Review: 12 Burning Wheels, by Cesar Torres
12 Burning Wheels: stories of the strange and the wonderous.
Published by M Brane SF, 2010
I first met Cesar Torres through Chris Fletcher of M-Brane SF. I read Cesar’s blog, and the writing and themes within drew me in right away. So, when I heard that he had a collection come out, I jumped right on the opportunity to read and review it.
12 Burning Wheels was born out of a challenge that Cesar set for himself: write 12 short stories in 12 days. This is the result of that challenge.
Cesar nails the horrific and the weird. This isn’t stomach-turning viscera, though that isn’t too far around the corner. Instead, this is a lovely example of Weird fiction.
Some of the stories do venture into the gruesome. None of them shy away from sex, violence or uncomfortable situations, yet they also bring forward an unexpected tenderness in some cases.
Cesar is a member of Outer Alliance, an advocacy group for the positive inclusion of LGBTQ issues and characters in genre fiction, and 12 Burning Wheels does a great job of traditional and non-traditional relationships, and portraying both the positive and the negative.
Particular stories stuck with me, long after I went on to other things.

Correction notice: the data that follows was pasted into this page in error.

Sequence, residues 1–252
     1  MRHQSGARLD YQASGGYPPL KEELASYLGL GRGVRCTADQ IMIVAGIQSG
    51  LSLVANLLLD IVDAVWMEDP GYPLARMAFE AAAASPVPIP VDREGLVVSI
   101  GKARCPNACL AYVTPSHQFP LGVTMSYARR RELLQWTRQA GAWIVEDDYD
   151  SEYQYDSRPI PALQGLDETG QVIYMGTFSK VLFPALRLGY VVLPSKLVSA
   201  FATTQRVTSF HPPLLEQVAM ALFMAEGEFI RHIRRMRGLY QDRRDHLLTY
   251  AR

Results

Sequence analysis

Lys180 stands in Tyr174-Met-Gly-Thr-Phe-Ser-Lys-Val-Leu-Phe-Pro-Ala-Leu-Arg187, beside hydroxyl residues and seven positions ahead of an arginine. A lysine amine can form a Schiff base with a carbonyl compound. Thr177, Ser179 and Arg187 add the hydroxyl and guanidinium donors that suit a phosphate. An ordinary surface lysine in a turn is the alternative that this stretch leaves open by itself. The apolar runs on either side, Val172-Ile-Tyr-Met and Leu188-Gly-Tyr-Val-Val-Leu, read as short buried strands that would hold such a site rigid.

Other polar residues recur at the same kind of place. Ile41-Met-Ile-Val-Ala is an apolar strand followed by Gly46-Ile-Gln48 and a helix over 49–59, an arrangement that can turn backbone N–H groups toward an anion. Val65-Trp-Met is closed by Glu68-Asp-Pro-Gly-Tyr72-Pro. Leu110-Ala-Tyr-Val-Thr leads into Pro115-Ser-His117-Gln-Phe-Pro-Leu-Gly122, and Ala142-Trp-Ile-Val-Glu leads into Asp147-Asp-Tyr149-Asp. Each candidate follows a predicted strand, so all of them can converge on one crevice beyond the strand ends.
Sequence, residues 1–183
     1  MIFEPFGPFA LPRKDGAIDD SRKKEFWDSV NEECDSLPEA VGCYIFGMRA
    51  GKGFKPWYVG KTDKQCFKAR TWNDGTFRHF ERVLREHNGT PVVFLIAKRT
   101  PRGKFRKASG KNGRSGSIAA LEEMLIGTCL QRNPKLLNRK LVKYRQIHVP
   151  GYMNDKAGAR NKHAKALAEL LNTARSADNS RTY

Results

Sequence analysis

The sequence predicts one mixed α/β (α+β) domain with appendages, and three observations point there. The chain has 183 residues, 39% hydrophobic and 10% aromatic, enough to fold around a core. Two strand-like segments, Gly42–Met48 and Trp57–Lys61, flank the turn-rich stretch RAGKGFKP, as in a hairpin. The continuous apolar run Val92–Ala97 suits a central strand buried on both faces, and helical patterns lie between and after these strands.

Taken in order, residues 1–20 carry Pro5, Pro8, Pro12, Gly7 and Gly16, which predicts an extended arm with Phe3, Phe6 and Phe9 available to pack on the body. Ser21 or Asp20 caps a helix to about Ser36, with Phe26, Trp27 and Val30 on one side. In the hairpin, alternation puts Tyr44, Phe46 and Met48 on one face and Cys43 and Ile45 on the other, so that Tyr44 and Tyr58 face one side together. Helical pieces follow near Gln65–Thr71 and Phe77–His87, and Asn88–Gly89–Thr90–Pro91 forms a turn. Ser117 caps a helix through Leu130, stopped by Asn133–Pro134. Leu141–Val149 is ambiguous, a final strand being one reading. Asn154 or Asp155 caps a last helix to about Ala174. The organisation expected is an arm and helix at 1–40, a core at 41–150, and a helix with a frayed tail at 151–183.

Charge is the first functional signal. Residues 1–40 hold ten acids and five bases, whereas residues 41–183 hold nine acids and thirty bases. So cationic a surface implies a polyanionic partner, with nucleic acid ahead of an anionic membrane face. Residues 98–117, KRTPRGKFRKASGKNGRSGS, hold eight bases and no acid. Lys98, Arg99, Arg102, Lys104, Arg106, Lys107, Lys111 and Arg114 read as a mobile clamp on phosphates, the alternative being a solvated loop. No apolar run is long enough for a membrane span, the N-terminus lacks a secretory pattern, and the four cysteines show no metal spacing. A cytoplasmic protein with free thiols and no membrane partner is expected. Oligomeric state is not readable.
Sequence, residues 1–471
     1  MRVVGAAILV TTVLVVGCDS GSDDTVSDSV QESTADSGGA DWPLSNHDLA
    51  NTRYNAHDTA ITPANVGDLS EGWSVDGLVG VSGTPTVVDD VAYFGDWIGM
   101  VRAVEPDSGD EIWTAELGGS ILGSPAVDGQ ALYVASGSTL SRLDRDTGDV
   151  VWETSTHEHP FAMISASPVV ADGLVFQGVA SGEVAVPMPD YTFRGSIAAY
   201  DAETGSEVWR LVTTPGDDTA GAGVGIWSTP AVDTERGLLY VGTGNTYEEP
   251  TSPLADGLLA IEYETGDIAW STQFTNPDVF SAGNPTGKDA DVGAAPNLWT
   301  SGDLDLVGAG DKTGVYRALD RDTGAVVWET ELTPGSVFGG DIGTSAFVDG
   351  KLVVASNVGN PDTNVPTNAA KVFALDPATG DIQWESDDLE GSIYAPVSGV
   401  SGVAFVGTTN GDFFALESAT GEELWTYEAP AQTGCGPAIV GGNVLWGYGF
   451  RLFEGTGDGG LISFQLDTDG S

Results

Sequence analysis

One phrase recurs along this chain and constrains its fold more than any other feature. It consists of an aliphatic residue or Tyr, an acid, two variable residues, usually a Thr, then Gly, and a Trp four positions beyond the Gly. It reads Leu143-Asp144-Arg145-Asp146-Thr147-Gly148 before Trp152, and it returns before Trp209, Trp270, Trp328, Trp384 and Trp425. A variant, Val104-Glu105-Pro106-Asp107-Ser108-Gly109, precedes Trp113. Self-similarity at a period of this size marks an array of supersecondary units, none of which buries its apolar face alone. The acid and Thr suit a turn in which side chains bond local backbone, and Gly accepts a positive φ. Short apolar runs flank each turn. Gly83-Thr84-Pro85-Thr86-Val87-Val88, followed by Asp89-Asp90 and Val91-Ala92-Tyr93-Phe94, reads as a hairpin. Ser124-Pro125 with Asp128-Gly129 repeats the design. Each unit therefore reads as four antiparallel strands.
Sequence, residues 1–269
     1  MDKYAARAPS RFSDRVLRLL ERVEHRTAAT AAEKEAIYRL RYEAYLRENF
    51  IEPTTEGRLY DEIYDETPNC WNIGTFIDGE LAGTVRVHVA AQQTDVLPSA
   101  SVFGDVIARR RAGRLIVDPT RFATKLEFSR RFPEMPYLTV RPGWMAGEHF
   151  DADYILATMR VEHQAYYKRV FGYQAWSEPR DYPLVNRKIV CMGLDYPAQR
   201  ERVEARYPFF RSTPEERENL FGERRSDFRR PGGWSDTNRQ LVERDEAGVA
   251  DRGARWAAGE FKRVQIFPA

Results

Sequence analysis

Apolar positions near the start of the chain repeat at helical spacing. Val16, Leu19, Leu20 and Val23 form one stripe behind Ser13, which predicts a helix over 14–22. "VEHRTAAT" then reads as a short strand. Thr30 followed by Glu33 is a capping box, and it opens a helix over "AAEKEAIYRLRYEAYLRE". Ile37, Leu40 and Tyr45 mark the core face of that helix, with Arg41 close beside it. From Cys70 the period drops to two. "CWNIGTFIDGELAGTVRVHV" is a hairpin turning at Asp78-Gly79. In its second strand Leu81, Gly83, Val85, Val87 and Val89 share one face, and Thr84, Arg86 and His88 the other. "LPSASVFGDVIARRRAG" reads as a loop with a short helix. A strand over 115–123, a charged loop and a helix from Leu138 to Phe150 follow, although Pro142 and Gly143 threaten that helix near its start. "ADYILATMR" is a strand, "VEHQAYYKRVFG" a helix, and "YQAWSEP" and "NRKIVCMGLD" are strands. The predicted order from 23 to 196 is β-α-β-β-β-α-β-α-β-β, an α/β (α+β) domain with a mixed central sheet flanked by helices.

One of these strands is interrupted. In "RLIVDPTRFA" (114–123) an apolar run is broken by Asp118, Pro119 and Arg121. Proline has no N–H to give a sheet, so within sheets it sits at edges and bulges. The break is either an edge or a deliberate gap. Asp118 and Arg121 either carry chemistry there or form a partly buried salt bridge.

The Scryer is visceral, brutal and nasty. It also has a solid bit of world-building behind it, and would do well as an expanded story. Lemonade, the synopsis of a play, has the potential to be a great New Weird novel.
Mantis Love is a gentler piece, quite melancholy in its portrayal of a gay couple attending prom and the results of that. The weird, in this story, is a backdrop, the focus seems to be on the couple, and that brings an entirely different mood. Madre Catrina is another story that focuses on the characters, and brings out Cesar’s gift for showing the subtle dynamics of a relationship.
My personal favorite? Dig Your Own Hole. Straight Weird with strong mythological elements. For this one, in particular, the shorter length was perfect.
The strengths of this collection are in the subtle details of weirdness that slip into the most common-place description, and in the delicate portrayal of relationships. Cesar stays away from shmoopy romance to portray the reality and challenge in a sympathetic light.
12 Burning Wheels could benefit from expansion. Given the scope of the challenge set for himself, what Cesar has here is impressive, and I would like to see what these stories would do as longer works.
Keep an eye on this guy. Seriously.
(Disclaimer: I was given this ARC to review. The opinions are my own, and not influenced by anyone/thing except my own disturbed brain. I received no compensation for doing so. Promise. No, you don’t get to go poke around in my soul-closet. There’s no one there that you need to worry about. Now SHOO!)